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Bond Basics

Investment Strategy Considerations

As you create your investment portfolio of bonds, there are various techniques you and your investment advisor can use to help you match your investment goals with your risk tolerance.

Active vs. Passive

One important consideration is how a portfolio is managed day to day. A portfolio can be actively managed, which means the composition of the portfolio and how often it is traded depend, largely, on the investment decisions made
by you or your investment manager. A passively managed portfolio tends to invest in a basket of stocks or bonds (usually mimicking an index) and, generally, employs a buy and hold strategy, where purchases are made for the long term.


Diversification is the allocation of assets to several categories in order to spread, and therefore possibly mitigate, risk. Regardless of your investment objectives, diversification is an important consideration in building any portfolio. Diversification can be achieved in any number of ways, including by:

Bond Type

Diversification by bond type may provide some protection for a portfolio, so if one sector or asset class experiences a downturn, the performance of other parts of the portfolio may help offset the negative impact. For example, a bond portfolio might consist of a variety of high-yield and investment-grade bonds in order to balance risk and return.


Another diversification strategy is to purchase securities of various maturities in a technique called laddering. When you buy bonds with a range of maturities, a technique called laddering, you are reducing your portfolio’s sensitivity to interest rate risk. If, for example, you invested only in short-term bonds, which are the least sensitive to changing interest rates, you would have a high degree of stability but low returns. Conversely, investing only in long-term bonds may result in greater returns, but prices will be more volatile, exposing you to potential losses. Assuming a normal yield curve, laddering allows returns that would be higher than if you bought only short-term issues, but with less risk than if you bought only long-term issues. In addition, you would be better protected against interest rate changes than with bonds of one maturity.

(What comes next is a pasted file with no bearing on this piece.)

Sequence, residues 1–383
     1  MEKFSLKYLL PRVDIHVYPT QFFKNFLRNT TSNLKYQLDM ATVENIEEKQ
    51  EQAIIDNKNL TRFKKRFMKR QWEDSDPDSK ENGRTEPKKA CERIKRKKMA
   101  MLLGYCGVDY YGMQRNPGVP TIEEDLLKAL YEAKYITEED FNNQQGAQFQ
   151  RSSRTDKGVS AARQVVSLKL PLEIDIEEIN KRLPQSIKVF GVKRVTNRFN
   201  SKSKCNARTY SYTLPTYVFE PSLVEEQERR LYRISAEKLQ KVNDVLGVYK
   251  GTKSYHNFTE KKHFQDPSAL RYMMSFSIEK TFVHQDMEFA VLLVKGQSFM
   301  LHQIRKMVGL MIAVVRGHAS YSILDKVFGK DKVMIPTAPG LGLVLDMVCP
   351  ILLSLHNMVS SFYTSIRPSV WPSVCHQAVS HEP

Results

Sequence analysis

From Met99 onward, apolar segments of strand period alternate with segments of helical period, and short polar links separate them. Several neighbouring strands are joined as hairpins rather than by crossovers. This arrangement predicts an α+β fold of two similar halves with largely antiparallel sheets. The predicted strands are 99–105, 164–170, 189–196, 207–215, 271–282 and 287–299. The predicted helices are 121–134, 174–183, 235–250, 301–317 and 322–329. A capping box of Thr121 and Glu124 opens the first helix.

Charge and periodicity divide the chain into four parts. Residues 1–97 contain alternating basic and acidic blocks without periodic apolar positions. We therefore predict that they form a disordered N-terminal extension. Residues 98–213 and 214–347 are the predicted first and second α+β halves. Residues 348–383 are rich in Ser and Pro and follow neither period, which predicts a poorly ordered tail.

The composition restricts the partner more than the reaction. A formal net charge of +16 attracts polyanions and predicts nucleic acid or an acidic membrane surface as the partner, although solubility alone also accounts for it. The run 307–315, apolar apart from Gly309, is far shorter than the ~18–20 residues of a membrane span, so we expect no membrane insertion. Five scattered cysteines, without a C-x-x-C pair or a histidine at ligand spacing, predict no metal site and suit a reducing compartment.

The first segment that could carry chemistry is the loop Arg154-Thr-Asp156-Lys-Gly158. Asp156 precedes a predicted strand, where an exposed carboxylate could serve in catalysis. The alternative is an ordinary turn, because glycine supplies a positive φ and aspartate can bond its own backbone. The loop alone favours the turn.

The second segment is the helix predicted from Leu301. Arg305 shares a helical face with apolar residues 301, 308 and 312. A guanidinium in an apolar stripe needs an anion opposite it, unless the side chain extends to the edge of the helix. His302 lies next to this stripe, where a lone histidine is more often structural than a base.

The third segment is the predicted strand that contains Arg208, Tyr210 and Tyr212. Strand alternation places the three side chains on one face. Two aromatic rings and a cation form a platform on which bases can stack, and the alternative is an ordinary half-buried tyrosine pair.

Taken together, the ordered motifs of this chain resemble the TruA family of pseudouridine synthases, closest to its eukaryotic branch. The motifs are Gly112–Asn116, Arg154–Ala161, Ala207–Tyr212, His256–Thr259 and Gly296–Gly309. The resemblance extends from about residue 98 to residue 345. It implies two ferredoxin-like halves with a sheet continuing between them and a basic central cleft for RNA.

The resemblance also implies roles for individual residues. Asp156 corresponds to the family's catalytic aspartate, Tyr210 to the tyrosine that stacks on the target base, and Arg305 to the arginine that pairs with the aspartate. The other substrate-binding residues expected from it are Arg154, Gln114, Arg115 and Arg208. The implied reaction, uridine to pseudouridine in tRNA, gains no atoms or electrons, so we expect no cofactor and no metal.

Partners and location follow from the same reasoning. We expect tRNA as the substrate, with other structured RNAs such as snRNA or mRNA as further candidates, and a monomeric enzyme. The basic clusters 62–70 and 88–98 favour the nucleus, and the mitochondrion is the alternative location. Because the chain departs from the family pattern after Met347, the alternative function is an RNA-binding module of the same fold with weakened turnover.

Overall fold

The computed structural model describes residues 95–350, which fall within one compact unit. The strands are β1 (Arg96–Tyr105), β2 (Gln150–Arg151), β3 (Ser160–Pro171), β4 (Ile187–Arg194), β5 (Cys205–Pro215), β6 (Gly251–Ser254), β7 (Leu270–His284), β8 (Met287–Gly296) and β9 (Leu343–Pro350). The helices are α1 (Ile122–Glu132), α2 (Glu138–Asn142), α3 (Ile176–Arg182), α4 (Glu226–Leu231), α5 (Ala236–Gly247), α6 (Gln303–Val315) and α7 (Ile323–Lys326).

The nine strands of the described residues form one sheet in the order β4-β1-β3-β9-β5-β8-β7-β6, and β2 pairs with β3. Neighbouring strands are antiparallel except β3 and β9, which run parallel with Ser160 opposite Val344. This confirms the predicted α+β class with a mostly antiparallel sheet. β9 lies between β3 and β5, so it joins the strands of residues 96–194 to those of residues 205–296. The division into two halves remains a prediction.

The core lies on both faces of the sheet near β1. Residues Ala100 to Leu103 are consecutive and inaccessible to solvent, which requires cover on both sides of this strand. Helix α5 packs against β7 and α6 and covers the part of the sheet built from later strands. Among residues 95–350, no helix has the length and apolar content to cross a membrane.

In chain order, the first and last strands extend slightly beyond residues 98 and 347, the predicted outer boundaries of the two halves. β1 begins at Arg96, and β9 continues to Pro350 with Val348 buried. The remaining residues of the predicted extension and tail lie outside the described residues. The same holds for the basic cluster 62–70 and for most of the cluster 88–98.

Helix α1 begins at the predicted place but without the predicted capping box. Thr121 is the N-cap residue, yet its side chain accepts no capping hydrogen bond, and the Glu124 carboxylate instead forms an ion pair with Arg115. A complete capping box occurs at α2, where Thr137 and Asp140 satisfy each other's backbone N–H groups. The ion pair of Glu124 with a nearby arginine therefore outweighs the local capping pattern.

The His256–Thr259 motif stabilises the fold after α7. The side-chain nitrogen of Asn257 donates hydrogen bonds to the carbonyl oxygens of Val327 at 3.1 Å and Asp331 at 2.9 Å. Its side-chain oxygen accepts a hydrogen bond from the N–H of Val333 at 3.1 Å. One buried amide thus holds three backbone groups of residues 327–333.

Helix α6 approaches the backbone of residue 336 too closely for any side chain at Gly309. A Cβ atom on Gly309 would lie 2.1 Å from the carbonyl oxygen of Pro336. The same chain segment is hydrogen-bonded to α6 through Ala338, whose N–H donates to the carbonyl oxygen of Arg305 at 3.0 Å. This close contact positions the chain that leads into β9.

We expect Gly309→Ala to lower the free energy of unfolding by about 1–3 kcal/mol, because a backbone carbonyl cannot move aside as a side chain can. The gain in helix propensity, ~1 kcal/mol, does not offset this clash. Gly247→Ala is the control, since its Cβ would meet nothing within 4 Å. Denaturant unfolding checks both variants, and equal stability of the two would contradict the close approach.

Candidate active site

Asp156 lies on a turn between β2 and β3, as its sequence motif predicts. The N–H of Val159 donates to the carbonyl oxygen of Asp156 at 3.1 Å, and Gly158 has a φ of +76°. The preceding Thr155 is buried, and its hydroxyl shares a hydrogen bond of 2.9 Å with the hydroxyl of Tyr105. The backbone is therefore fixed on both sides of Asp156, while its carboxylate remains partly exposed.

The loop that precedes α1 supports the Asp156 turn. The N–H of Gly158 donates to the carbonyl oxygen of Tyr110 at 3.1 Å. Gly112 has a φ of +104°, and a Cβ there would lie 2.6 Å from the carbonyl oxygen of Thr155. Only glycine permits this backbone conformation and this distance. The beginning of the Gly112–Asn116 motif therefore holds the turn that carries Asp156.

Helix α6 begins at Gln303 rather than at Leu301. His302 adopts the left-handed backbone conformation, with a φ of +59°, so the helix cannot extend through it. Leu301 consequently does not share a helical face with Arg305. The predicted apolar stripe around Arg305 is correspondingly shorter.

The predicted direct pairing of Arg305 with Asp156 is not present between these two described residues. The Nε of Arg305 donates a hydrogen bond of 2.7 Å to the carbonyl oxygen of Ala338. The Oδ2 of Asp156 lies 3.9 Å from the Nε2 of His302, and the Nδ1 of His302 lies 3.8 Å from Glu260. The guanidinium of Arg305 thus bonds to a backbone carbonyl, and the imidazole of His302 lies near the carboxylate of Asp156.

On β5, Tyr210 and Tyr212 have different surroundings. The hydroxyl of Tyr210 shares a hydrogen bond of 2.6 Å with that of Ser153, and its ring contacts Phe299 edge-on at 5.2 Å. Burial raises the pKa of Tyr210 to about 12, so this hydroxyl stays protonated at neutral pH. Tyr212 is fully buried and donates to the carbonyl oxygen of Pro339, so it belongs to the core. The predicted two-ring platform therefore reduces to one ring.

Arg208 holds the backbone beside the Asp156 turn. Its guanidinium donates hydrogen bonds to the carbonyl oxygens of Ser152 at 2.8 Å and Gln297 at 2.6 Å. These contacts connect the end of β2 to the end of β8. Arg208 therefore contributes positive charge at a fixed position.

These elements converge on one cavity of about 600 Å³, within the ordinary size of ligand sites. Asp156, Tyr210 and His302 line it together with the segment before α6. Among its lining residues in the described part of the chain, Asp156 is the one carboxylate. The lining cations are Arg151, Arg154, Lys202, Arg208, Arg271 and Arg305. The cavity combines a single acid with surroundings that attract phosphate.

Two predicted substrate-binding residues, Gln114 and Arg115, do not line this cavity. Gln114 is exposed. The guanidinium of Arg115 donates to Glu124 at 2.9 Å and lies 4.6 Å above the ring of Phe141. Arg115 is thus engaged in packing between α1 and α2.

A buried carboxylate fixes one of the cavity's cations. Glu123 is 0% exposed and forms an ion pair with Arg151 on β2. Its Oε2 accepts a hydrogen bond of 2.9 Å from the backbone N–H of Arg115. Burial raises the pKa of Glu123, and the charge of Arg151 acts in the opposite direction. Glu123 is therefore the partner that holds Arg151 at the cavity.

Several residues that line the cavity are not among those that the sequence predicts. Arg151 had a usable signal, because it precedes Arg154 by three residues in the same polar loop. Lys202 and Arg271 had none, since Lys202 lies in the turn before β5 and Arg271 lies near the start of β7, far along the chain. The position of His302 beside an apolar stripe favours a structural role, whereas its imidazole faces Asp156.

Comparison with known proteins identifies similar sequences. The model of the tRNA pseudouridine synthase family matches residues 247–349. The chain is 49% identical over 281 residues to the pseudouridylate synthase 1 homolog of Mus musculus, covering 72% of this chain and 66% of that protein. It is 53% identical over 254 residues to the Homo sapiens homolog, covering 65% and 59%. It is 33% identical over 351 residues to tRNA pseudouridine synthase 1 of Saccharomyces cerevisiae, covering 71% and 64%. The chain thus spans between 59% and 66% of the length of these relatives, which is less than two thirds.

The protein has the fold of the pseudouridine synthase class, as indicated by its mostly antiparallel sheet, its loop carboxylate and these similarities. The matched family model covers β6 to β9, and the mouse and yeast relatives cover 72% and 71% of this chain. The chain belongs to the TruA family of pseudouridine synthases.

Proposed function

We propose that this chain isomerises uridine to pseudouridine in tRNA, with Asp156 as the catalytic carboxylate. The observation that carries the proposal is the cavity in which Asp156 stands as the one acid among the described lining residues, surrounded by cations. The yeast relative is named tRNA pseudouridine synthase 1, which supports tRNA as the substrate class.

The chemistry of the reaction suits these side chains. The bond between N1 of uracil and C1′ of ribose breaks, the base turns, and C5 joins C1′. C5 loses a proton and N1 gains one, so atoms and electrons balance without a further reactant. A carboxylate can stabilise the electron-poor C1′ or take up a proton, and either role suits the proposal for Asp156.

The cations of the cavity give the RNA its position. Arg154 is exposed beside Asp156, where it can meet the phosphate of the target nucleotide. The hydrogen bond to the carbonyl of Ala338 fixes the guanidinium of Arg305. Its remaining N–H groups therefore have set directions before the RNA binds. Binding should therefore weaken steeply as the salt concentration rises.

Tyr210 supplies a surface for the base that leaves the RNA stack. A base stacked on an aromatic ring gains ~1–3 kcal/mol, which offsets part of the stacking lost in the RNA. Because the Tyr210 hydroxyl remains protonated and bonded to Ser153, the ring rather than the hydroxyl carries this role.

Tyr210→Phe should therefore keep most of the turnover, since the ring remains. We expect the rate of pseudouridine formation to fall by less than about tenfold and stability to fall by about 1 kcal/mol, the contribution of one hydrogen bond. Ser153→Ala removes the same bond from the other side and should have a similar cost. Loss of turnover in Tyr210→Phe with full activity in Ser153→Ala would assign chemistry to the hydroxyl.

For example, you might invest equal amounts in bonds maturing in 2, 4, 6, 8 and ten years. In two years, when the first bonds mature, you would reinvest the money in a 10-year maturity, maintaining the ladder.


Barbells are a bond investment strategy similar to laddering, except that purchases are concentrated in the short-term and long-term maturities. This allows the investor to capture high yields from longer maturities in one portion of their portfolio, while using the lower maturities to minimize risk.

Bond Swap

Bond swapping is the sale of a block of bond swaps and the purchase of another block of similar market value. Swaps may be made to achieve many goals, including establishing a tax loss, upgrading credit quality, extending or shortening maturity, etc. The most common swap is done to achieve tax savings by converting a paper loss into an actual loss that could partially or fully offset other capital gains or income. We strongly recommend that you speak with your financial advisor to learn more about this investment strategy.